At the Serum Institute of India, Vaccine Development Requires Multiplex Assays

Bonus: Pro tips for xMAP® assay developers

At the Serum Institute of India, Vaccine Development Requires Multiplex Assays

Since 1967, the Serum Institute of India has launched more than 20 vaccines, with five more vaccines in the pipeline specifically designed to target infectious diseases that are prevalent in developing countries. Impressively, the institute has produced more than 1.3 billion high-quality, low-cost vaccine doses.

The team there relies on xMAP® Technology for the quality control and characterization of multivalent and combination vaccines. We chatted with Sunil Gairola, PhD, Director of Quality Control, and Manish Gautam, PhD, Senior Manager in the Analytical Development Group, for insights into the development of the next generation of vaccines.

What are the challenges you encounter in quality control for vaccine manufacturing?

Sunil Gairola: Quality control of vaccines is challenging because vaccines are heterogeneous with respect to composition. Also, it’s often difficult to link a certain immunological effect to a specific product characteristic in regards to specific correlates of protection. Lastly, quality control assays aren’t one-size-fits-all, meaning each type of vaccine class requires a specific assay.

Share your thoughts on technologies.

Gairola: In the last decade, the number of analytical techniques used for the characterization of antigens has increased substantially. Techniques can be broadly classified into two categories:

  1. Techniques used for measuring the concentration and integrity of antigens. This category includes colorimetric and analytical separation techniques used for quantification of intermediate, final products, and detection of impurities.
  2. Techniques used for measuring the biological activity, active concentration, or confirmation of antigens. This group includes animal tests, cell-based assays, and immunochemical techniques.

The antigen concentration in the final lot is often relatively very low, which hampers the characterization of the final formulated vaccine. Low antigen concentrations are a significant challenge, especially for combination and multivalent vaccines. To cater to such complex requirements, the Serum Institute has a specialized team and infrastructure centralized in the Analytical Development Group.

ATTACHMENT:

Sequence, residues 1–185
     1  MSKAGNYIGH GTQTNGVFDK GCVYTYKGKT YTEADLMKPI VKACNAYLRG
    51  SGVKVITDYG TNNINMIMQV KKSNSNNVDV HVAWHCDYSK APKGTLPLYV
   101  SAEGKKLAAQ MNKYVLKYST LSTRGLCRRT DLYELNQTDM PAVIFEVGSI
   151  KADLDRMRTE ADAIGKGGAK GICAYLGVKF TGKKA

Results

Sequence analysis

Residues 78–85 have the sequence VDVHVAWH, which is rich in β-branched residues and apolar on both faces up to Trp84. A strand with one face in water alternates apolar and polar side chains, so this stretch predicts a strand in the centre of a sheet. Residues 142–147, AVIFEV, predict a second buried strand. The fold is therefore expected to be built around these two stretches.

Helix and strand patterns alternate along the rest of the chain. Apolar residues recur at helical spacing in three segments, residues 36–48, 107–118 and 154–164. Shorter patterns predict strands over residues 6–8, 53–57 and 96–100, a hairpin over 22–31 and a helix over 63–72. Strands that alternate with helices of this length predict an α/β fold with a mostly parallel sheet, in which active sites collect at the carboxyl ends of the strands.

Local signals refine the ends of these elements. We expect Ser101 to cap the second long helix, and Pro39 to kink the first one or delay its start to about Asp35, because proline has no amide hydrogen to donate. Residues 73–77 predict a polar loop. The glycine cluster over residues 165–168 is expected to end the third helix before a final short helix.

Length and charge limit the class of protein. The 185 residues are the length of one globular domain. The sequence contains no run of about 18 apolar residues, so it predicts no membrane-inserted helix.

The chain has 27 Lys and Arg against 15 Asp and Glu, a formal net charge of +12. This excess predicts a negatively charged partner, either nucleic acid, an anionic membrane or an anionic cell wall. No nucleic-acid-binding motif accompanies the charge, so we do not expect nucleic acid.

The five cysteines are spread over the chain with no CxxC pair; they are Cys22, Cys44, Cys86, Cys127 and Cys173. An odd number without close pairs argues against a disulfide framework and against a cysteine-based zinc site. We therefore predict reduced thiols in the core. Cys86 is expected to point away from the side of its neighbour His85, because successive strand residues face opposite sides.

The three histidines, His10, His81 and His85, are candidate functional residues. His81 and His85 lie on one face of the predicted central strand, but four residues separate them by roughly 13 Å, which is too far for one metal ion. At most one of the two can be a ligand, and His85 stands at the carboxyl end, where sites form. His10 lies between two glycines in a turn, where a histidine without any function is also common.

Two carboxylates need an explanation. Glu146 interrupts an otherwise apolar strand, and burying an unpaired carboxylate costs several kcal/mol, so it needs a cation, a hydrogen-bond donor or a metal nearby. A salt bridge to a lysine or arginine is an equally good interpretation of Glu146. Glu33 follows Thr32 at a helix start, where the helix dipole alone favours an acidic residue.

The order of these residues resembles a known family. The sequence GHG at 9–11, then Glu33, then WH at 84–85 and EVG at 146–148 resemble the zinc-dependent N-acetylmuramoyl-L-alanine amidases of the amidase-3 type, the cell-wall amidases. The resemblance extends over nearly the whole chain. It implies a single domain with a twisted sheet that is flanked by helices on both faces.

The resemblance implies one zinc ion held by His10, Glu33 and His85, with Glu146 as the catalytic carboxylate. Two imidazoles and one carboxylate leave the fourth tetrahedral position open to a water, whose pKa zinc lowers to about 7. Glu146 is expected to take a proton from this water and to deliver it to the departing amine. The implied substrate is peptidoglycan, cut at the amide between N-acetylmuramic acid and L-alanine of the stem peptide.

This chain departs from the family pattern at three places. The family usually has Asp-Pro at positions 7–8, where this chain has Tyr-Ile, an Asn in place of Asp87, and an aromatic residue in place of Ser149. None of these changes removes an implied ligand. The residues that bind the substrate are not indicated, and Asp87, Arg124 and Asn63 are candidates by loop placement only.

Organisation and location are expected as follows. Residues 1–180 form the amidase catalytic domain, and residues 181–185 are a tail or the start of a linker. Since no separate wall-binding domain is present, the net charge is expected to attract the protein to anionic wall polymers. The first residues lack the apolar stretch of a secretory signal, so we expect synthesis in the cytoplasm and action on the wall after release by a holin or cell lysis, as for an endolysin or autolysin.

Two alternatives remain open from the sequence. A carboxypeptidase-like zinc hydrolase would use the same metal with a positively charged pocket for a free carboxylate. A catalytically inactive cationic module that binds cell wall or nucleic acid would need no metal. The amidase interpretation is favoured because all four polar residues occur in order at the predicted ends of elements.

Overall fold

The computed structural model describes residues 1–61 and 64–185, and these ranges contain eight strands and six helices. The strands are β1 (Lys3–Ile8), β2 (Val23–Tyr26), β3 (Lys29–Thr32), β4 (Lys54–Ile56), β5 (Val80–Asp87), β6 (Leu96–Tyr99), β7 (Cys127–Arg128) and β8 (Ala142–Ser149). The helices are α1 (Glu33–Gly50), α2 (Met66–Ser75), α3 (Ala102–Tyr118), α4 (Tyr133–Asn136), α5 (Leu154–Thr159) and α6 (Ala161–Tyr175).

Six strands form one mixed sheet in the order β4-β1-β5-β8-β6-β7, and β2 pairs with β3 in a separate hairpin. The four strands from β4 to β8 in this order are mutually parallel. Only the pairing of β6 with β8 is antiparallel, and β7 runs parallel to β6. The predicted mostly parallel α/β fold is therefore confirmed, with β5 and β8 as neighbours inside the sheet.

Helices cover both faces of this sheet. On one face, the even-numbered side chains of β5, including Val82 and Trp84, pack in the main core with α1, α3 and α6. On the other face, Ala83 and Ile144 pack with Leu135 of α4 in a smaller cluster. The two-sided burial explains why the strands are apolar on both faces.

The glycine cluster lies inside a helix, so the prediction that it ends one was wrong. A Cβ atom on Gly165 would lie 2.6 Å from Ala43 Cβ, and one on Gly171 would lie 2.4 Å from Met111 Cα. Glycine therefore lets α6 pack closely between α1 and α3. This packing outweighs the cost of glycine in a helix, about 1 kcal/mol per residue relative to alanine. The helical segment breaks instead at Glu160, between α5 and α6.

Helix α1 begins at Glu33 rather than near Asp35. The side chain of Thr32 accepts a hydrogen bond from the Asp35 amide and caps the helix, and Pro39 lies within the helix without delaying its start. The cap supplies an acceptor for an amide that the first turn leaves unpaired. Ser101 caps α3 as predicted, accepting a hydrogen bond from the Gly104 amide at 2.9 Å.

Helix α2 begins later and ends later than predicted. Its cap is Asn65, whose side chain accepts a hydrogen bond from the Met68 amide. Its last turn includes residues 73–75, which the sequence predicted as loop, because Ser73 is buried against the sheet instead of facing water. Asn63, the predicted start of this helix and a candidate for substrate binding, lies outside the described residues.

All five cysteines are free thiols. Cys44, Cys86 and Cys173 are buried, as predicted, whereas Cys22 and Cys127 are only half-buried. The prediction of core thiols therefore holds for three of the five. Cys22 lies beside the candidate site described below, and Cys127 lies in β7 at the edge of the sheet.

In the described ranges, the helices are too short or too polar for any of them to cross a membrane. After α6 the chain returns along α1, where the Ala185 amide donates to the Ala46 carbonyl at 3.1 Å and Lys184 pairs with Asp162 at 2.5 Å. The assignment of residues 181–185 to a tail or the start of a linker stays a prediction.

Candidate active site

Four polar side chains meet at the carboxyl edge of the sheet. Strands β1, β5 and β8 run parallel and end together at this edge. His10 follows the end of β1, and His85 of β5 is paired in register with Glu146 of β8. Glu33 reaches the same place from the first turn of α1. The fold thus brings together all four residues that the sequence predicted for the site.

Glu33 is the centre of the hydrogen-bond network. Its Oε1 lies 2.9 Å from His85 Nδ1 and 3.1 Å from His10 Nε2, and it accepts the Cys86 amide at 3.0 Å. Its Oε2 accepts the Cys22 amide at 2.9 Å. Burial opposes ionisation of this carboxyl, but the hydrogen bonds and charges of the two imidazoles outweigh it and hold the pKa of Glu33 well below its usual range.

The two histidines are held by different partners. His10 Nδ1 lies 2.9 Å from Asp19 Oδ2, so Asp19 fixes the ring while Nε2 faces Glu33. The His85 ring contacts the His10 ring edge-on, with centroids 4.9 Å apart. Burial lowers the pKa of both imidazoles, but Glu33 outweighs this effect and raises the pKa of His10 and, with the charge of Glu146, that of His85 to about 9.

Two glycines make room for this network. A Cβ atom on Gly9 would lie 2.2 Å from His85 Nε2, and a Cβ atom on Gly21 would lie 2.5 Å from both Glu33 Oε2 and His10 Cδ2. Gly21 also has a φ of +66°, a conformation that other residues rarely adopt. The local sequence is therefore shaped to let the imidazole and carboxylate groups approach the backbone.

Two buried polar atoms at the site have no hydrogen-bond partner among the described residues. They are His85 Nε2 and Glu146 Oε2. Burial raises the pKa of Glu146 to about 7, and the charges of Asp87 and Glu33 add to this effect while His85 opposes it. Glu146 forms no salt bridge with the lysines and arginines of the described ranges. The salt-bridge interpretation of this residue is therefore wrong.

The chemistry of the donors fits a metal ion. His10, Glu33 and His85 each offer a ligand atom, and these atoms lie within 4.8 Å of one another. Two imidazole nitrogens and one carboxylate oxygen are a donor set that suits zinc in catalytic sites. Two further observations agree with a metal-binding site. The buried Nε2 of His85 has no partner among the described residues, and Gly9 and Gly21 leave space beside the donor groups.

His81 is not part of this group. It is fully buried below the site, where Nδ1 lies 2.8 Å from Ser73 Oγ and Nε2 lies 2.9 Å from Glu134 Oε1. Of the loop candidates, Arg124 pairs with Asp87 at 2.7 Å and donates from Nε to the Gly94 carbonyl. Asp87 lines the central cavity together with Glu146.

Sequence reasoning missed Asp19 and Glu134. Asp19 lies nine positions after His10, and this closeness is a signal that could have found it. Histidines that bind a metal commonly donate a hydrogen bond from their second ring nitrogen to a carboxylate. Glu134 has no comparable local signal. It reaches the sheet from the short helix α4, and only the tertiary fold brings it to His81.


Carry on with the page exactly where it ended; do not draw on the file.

What does the Analytical Development Group do?

Manish Gautam: The Analytical Development Group develops, validates, and implements analytical technology solutions for quality control and characterization of multivalent and combination vaccines. We currently use xMAP®, capillary zone electrophoresis, HPSEC-MALS, and LC-MS technologies to test for quantity, potency, purity, and identity, as well as detailed structural characterization. We also contribute to detailed immunogenicity assessments of vaccines with respect to the development of newer animal models and assays for characterizing the antigen-specific humoral and cell-mediated immunity responses in animal models. For example, the pneumococcal conjugate vaccine is a multi-serotype vaccine, and quality control testing involves more than 300 tests for release of one batch of vaccine.

How does The Serum Institute use xMAP Technology?

Gautam: Safety and potency assessment of a candidate vaccine is a major stage-gate for vaccine development. In efficacy assessment, assays that measure antibody levels or any aspect of adaptive immune response such as antibody avidity, functional antibody assays, and cellular immune responses (T-cell proliferation and cytokine quantification) are required to understand the correlates of protection in animal models. Multiplexing is an advantageous technology because it enables simultaneous analysis of several antigens from very small sample volumes.

We use xMAP Technology in all phases of research and development, from toxicological studies to the final Phase 3 studies meant for licensure. We find the greatest value for multiplex technology with combination and multivalent vaccines, wherein higher throughput and reduced sample volumes help us to generate real-time data from animal models. In addition to immunogenicity assays, we have also developed xMAP-based assays for routine testing of vaccines, including identity, potency, and dose confirmation-based assessments. We are also working on exploring applications of xMAP Technology in the genotypic characterization of strains used in the vaccines.

What are the specific challenges of coupling polysaccharides?

Gautam: The specific challenge of coupling polysaccharides to the beads is the lack of a harmonized approach towards using a specific kind of conjugation chemistry for coupling. Many methods have been reported in the literature for coupling polysaccharides to the xMAP beads, each with advantages and limitations. While the scientific literature is rich with information on troubleshooting protein-coupling issues, polysaccharide-based applications are limited, so not much work has been reported regarding troubleshooting. An additional issue is the availability of polysaccharides for coupling. We need to define the minimum acceptance criteria for polysaccharides to be used for coupling with respect to size, purity, and stability.

Can you share a few tips for fellow xMAP assay developers?

Gautam: Here are our top tips for multiplex assay development:

  1. Invest up-front time to select the best assay format for your application.
  2. Evaluate your assay outcomes with adequate assay controls.
  3. Establish criteria for cross-reactivity, specificity, and selectivity criteria in advance.
  4. Choose the best curve-fitting model for optimal assay performance.
  5. Validate your assay extensively and have a good monitoring plan.


Read More About xMAP Technology and Vaccine Development in xMAP Insights.